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CSA’s proposed targeted reforms and best interest standard would do more than transform the industry; the changes may also come with a high price tag.

That’s why, in recent comment letters, industry stakeholders “have called for a formal cost-benefit analysis to be undertaken by the regulators before these reforms are implemented,” says Ian Russell, president and CEO of the IIAC in his latest industry commentary.

To avoid unecessary costs, says Russell, consultations with key stakeholders should include “rigorous analysis of the rule-making process” to “ensure sound feedback and vigorous debate.” Such analyses would also make sure the right rules are being implemented.

Says Russell, “Fundamental analysis behind proposed rules is the best assurance that they will be as cost-efficient as possible and that unintended consequences are limited to the extent possible.”

Russell notes that regulators have failed to carry out formal quantitative cost-benefit analysis since 2008 even though “extensive and fast-moving rule reform” has taken place over the last eight years.

And, Russell adds, “while regulators are obligated to provide a description of the costs and benefits of proposed rules, this typically takes the form of a cursory analysis. This has raised the risk of inefficient rules, contributing to a significant and unnecessary burden placed on the investment industry and dealer firms.”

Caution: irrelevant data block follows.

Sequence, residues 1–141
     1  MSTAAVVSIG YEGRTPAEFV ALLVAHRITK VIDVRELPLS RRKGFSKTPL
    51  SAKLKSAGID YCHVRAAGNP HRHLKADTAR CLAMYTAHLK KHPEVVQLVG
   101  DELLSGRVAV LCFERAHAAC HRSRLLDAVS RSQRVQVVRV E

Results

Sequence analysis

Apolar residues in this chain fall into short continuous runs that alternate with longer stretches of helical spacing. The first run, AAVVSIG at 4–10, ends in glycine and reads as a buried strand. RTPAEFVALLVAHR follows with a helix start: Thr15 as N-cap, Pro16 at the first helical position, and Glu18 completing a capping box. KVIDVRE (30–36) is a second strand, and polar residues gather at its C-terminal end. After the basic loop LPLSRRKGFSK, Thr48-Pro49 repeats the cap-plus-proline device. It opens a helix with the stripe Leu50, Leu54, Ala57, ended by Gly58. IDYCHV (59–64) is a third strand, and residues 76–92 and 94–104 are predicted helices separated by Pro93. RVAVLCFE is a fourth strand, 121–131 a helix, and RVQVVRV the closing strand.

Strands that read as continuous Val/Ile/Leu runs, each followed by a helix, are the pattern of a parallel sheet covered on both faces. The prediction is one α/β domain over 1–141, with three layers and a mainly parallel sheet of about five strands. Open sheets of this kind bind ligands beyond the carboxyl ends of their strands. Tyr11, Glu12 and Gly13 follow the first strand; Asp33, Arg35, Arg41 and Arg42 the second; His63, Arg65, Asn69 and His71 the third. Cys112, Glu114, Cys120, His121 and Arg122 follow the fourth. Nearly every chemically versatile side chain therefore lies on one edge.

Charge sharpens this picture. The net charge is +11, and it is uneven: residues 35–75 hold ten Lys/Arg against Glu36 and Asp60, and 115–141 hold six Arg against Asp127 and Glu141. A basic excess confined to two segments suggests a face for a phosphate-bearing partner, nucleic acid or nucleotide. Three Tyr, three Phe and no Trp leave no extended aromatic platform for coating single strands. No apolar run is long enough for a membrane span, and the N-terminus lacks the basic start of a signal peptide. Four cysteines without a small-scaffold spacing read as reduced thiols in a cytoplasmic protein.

One example is “the emergence of multiple equity markets and order protection rules to ensure best execution, which had the unintended result of ratcheting up trade execution costs, marketplace access costs and market data costs,” says Russell.

The result has been “squeezed operating margins and weakened profitability at boutique firms,” which has contributed to “sweeping consolidation of small firms across the industry.”

There are many reasons regulators may be holding back on formal cost-benefit analyses–such as the complexity of the process.

But, at the very least, says Russell, regulators can be more transparent about whether they’ve considered the pros and cons of providing such analyses when consulting with the industry. Read his full letter.

Originally published on Advisor.ca
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